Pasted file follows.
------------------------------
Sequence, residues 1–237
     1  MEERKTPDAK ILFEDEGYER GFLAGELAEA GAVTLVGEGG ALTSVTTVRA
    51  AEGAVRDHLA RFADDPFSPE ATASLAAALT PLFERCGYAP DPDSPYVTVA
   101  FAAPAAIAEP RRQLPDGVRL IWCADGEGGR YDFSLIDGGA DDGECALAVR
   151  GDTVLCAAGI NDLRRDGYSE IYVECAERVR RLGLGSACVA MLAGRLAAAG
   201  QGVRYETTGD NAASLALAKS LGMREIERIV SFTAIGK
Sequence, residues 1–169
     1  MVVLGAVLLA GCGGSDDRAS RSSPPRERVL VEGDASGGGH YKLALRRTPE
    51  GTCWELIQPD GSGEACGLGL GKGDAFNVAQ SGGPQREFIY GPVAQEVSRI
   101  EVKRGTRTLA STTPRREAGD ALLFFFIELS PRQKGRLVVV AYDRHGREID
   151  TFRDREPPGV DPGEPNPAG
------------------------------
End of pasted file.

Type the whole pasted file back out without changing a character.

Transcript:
Sequence, residues 1–237
     1  MEERKTPDAK ILFEDEGYER GFLAGELAEA GAVTLVGEGG ALTSVTTVRA
    51  AEGAVRDHLA RFADDPFSPE ATASLAAALT PLFERCGYAP DPDSPYVTVA
   101  FAAPAAIAEP RRQLPDGVRL IWCADGEGGR YDFSLIDGGA DDGECALAVR
   151  GDTVLCAAGI NDLRRDGYSE IYVECAERVR RLGLGSACVA MLAGRLAAAG
   201  QGVRYETTGD NAASLALAKS LGMREIERIV SFTAIGK
Sequence, residues 1–169
     1  MVVLGAVLLA GCGGSDDRAS RSSPPRERVL VEGDASGGGH YKLALRRTPE
    51  GTCWELIQPD GSGEACGLGL GKGDAFNVAQ SGGPQREFIY GPVAQEVSRI
   101  EVKRGTRTLA STTPRREAGD ALLFFFIELS PRQKGRLVVV AYDRHGREID
   151  TFRDREPPGV DPGEPNPAG